In The Shape of Water, Mexican writer-director Guillermo del Toro blends a wide variety of sources — from fairy tales to classic Hollywood movies to the Bible — to tell an original and unusual love story about a humanoid fishlike monster and a woman who works as a janitor in the secret government laboratory where the fish-man is being held captive. While del Toro is undeniably pushing a secular progressive agenda, he uses Christian stories and imagery. Surprisingly, he ends up getting a lot of the gospel right.
Set in 1962, The Shape of Water takes place against the backdrop of the Cold War and the Civil Rights movement. Del Toro paints a picture of a divided America in which straight White Christian men are considered the norm, and all “deviants” who fail to conform to the mainstream standard are marginalized. It is the kind of America many conservatives look back on with nostalgia but to which progressives bid good riddance, hoping for a more egalitarian future. The film’s heroine Elisa Esposito (played by Sally Hawkins) is disabled. She is mute and so literally has no voice, making her a symbol of the marginalized and powerless. Del Toro surrounds Elisa with other metaphorically voiceless characters: women, African Americans, homosexuals, manual laborers, and foreigners. (He seems to think of artists and scientists as oppressed categories, too.)
With lovely photography, stylized production design, and whimsical music, The Shape of Water is clearly intended as a fairy tale or a fable. The story has echoes of The Little Mermaidand Beauty and the Beast but also classic Hollywood monster movies. But this is a fairy tale for adults. Viewers should be warned that there is plenty of R-rated nudity and squirm-inducing, horror-style gore.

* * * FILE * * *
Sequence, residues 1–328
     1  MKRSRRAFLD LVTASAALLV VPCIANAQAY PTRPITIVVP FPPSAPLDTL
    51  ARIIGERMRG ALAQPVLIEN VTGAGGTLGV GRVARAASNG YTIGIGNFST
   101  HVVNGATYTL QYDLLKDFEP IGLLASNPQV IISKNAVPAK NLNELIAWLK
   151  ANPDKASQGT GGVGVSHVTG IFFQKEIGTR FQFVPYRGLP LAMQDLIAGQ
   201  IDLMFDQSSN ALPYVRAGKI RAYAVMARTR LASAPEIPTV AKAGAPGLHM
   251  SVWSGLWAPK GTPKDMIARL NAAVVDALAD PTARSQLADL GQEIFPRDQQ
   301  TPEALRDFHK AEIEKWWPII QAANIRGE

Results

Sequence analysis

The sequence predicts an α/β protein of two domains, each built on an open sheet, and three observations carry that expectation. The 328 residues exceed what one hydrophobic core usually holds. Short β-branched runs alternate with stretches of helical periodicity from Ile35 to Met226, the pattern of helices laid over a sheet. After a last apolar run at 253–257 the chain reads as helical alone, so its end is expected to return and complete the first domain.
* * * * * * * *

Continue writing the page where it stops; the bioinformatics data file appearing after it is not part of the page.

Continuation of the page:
Del Toro is essentially updating the story of The Creature from the Black Lagoon for the Black Lives Matter era. In both The Shape of Water and The Creature from the Black Lagoon, an unnamed fish-man Creature is found in the Amazonian jungle where the natives worship him as a “god”. In both films, the Creature is captured by American explorers, and brought back to the United States to be studied. (In The Shape of Water, the Creature is to be weaponized and used against the Russians.) In both films, the Creature eventually escapes and kidnaps a woman. The parallels are obvious. But whereas the original Hollywood film followed the White male scientists as its heroes, this version is told from the point of view of the woman and imagines that she was not kidnapped but in fact fell in love with the monster and helped him escape. Thus del Toro’s Creature is more like Frankenstein’s monster than a dangerous villain. The Creature is simply lonely and misunderstood; he just wants to be loved.
Del Toro pushes our sympathy with the monster as far as he can, even going so far as to portray him as a symbolical Christ figure along the lines of Spielberg’s E.T.: someone who comes to Earth from another world, who has the power to perform miracles, who is misunderstood and persecuted, and who dies and rises again to save his friends. In fact, the Creature in The Shape of Water is even more Christian than E.T. He has a dual nature — truly man and truly fish. (Don’t forget that the fish is a symbol of Christianity.)